To write effective copy you need to understand the requirements of each medium/channel. Writing for websites, blogs and social media is a different beast to writing articles, press releases, white papers and business materials.

The importance of preparation


Preparation is key. Good copywriters spend a great deal of time on due diligence. It starts with listening to the client and open two-way communication to fully absorb and clarify the brief. Then there’s the research and analysis of the subject matter and business to understand their objectives, brand, tone of voice and – this is the often the tricky part – the required approval process.

This is tricky as you often have to deal with a number of differing views and comments, which may pull you in different directions.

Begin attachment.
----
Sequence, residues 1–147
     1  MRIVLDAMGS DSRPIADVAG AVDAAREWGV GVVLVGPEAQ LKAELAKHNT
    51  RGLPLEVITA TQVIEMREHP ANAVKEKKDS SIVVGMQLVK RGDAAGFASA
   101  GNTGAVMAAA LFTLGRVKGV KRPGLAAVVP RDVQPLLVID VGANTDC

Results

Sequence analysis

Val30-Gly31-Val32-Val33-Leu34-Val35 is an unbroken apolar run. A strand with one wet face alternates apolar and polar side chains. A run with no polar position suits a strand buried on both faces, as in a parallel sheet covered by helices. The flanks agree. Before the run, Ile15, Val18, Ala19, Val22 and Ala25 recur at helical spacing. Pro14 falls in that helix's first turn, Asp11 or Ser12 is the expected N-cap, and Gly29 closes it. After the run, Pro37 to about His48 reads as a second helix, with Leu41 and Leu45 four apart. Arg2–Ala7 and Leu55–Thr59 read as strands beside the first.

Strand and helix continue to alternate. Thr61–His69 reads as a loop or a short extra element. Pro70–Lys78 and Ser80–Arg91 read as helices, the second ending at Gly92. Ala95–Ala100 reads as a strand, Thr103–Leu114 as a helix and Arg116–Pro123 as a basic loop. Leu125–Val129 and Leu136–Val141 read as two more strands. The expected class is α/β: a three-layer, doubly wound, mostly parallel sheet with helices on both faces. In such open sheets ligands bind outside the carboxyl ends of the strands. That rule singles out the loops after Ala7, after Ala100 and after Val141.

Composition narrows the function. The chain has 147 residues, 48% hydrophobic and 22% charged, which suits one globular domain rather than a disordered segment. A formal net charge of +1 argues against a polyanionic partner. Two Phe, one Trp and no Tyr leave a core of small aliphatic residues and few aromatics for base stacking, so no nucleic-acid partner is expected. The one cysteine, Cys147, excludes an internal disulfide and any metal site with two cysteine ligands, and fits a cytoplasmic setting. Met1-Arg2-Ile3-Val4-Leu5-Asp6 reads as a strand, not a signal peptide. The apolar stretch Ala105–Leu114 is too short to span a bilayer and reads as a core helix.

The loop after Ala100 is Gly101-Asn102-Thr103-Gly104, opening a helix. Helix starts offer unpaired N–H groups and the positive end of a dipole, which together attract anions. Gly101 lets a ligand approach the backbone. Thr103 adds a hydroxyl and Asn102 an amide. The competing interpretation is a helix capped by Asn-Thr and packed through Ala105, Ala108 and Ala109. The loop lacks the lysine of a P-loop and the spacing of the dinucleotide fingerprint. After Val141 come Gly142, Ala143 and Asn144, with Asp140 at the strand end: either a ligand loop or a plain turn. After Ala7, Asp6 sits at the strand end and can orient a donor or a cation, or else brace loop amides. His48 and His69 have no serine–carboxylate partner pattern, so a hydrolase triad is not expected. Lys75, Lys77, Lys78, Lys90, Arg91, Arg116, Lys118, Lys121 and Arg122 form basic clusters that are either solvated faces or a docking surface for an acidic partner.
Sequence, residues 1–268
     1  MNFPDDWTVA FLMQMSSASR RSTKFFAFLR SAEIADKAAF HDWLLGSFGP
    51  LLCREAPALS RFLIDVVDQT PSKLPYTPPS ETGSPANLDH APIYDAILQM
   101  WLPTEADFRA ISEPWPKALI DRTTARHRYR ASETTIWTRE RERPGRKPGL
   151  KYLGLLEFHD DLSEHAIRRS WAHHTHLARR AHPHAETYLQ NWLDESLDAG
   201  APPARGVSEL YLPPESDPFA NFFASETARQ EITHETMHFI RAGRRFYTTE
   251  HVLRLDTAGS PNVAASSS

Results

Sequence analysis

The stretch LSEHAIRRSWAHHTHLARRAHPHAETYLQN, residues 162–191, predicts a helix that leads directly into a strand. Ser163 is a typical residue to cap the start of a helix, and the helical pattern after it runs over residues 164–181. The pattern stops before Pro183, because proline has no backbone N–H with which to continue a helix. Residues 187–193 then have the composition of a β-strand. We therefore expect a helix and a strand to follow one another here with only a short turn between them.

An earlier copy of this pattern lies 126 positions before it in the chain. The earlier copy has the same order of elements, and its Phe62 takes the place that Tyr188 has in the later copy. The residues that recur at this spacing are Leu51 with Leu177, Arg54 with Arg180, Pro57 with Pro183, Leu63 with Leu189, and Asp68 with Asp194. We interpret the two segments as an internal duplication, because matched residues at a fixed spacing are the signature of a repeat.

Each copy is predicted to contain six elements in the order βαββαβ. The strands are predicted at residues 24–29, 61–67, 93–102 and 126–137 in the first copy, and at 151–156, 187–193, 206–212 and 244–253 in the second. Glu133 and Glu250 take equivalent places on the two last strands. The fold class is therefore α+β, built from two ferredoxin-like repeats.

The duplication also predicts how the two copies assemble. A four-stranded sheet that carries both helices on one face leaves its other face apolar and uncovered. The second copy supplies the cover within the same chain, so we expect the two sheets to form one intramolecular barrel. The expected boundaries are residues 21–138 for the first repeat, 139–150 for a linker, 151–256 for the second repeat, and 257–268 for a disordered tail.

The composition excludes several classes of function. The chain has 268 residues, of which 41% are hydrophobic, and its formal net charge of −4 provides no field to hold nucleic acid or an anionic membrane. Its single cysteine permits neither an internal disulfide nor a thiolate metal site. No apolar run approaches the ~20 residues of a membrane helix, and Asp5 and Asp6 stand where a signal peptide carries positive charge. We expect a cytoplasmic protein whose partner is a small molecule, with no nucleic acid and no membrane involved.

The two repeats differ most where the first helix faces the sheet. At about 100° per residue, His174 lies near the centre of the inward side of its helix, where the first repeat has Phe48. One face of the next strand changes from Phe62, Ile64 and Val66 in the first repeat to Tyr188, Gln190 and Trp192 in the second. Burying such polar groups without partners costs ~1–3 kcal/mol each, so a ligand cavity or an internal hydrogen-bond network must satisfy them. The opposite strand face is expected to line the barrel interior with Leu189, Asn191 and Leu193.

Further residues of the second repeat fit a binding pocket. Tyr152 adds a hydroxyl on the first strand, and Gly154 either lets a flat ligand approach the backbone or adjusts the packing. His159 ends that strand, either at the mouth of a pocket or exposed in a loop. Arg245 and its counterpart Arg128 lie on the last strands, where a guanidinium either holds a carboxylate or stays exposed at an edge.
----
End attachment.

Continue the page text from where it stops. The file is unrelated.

Resolving copy conflict


The key to resolving any issues that arise is to unpick the problem and get to the heart of the matter. If this is not your first rodeo as a copywriter, you know in your heart of hearts that you have put forward your best work and have many a happy client under your belt – we can rule out bad writing.

That out of the way, the burning questions are: What went wrong? And, most importantly, why?

Clients often favour the security of opting for a copywriter with experience in their industry. This is especially true in the financial services and technology arena, due in no small part, to the depth of knowledge required to hit the ground running.

This is a source of frustration for many a copywriter, as we often pride ourselves on being not only a quick study but also chameleons that can make a home wherever we lay our freelance hat.